Derivative trading is a popular financial instrument in today’s market. Derivatives derive their value from an underlying security such as stocks, commodities, currencies, indices, rate of interest, or exchange rates. Profit is obtained by betting on the future value of the underlying asset.
The two most common types of derivatives traded are futures and options.
Understanding options trading
An option provides the buyer a right to buy at a specified date or price. The key aspect here is that there is no obligation associated with buying at the specified date or price. The underlying security may be bought in exchange for a non-refundable upfront deposit.
There are two kinds of options—’calls’ and ‘puts.’ The right to purchase a security is known as a call option, while the right to sell it is known as a put option. This means that in a call option, the buyer has the right but no obligation to purchase a given quantity of the security at a specified price on or before a future date. The put option, on the other hand, gives the buyer the right but no obligation to sell a given quantity of the security at a specified price on or before a future date.
Strategies to trade in options
Generally, beginners in the options market are not aware of the strategies available to increase returns and minimize risks. This may result in high losses. The following are a few strategies to avoid risk while trading in options.
- Married put
This strategy is used by those who seek to protect themselves against short-term losses. In the married put strategy, investors who purchase an asset, simultaneously purchase a put option for the same number of shares.
- Bull call spread
This options trading strategy is used by investors expecting a moderate increase in the price of the asset. In bull call spread, a call option at a specific strike price is bought, while the exact number of calls is simultaneously sold at a greater strike price.
- Covered call
Investors who make an outright purchase of assets and simultaneously sell a call option on the same assets deploy a covered call strategy. Traders who use this strategy try to protect themselves against a potential fall in the value of the asset, or to obtain greater profits.
Besides the aforementioned strategies, some others include bear put spread, butterfly spread, protective collar, and long straddle, among many more.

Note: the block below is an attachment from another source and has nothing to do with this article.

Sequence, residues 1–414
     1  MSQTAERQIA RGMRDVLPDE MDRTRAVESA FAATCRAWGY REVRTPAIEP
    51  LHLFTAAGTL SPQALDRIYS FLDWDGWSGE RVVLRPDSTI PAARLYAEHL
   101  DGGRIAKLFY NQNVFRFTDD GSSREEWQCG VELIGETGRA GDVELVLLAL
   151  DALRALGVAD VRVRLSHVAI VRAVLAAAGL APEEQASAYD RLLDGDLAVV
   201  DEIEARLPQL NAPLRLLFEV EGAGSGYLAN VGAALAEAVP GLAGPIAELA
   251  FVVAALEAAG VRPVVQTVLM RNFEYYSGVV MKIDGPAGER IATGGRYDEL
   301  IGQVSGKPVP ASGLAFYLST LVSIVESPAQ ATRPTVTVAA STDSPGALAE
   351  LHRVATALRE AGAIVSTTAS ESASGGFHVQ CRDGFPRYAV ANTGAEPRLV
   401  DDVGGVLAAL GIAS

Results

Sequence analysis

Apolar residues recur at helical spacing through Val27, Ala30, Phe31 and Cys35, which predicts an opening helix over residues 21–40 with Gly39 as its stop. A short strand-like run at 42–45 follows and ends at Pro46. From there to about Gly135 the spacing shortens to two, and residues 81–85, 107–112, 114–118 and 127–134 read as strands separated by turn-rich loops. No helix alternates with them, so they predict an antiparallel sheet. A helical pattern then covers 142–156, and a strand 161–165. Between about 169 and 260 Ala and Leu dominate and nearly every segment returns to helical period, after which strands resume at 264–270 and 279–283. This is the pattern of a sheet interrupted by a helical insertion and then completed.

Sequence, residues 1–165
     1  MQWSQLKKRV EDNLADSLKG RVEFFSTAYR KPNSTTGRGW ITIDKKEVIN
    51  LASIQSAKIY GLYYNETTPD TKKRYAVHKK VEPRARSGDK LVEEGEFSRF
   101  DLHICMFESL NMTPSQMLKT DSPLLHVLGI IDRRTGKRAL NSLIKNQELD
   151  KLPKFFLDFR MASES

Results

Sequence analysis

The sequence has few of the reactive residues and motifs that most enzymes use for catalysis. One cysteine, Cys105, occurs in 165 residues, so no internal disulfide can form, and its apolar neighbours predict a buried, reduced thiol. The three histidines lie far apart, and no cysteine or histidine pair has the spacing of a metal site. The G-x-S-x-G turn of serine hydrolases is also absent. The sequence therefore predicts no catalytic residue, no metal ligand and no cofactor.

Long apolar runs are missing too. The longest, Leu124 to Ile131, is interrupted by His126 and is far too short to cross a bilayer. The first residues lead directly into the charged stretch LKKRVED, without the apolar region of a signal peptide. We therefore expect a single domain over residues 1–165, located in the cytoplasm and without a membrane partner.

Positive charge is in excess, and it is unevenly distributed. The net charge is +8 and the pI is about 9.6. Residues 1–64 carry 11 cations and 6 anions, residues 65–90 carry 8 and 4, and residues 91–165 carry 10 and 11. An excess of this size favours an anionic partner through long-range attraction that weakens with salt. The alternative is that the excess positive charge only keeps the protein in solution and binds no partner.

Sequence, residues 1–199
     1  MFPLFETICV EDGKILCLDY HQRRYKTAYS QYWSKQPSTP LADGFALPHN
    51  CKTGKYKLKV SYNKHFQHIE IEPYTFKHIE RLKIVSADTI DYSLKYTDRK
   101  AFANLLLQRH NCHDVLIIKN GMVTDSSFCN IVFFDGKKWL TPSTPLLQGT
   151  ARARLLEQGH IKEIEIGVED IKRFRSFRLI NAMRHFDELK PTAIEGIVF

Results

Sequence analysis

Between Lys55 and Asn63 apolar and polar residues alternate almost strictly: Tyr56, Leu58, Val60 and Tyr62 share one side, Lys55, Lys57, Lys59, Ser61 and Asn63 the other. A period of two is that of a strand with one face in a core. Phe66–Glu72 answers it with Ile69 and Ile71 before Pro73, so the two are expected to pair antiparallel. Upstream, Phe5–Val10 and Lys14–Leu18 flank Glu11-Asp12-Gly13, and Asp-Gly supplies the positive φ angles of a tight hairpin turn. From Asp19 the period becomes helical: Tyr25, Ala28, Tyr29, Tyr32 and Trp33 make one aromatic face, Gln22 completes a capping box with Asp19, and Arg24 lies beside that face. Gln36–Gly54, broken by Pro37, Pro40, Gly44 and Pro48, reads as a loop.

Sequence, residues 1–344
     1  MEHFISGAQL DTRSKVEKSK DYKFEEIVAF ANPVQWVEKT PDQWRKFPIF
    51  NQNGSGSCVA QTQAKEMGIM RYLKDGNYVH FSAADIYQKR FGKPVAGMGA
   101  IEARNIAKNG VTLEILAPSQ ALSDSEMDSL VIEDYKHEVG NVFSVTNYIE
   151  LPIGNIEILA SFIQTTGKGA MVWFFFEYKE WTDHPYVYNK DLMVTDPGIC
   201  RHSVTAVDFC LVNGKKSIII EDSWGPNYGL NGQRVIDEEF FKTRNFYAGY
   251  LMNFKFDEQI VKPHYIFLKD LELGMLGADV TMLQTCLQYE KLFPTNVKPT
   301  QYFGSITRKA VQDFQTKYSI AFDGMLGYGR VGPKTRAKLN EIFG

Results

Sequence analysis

About futures trading
Futures trading is an agreement between two parties to buy or sell the underlying security in the future at a specified price. Parties buy stocks at a lower price in the cash market and sell at a higher price in the futures market or vice versa. They, therefore, take advantage of the price difference between the two markets to make profits. In futures trading, both the buyer and the seller have an obligation to execute the contract at a fixed date.
The most common futures contracts are traded on assets such as indices, stocks, currency rates, and commodities, besides others. Trading in futures has a host of benefits. It allows speculators to trade by paying a small margin. Besides, hedgers enjoy the advantage of shifting risk to speculators.
Strategies to trade in futures
Having thorough knowledge on the various futures trading strategies help traders to succeed. While some traders resort to fundamental methods, some use technical analysis, volume profile, or a blend of numerous methods. Following are three strategies used by successful traders.
- Stop-loss order
A stop-loss order, to a great extent, helps in minimizing risk. It is an offsetting order to liquidate the asset at a certain price determined by the trader. The asset then gets converted to a market order for a sale, in case the price of the asset falls.
- Going long
Going long is a strategy used by traders to make profits from an anticipated rise of the asset’s price in the future. The trader enters an agreement to buy and receive delivery of the asset at a set price.
- Going short
When the price of the commodity is expected to decrease in the future, it is advisable to use the going short strategy. In this case, the trader enters into a futures contract by agreeing to sell and deliver the asset at a set price. If the underlying commodity is sold at a high price currently, the contract may be purchased at a lower price in the future, thereby generating profits.
Options trading vs. futures trading: Making the best choice
Whether to trade on options or futures depends on the investment goals and the risk appetite of the trader. The key difference between futures and options is an obligation. Due to the lack of obligation to exercise the contract, options is less risky as compared to trading in futures. Hence, those seeking a conservative approach in their trading methods generally opt to trade in options.
In order to gain maximum profits and minimize risk, it is imperative to gain comprehensive knowledge about the two types of derivative trading as well as their strategies before trying a hand in any of them.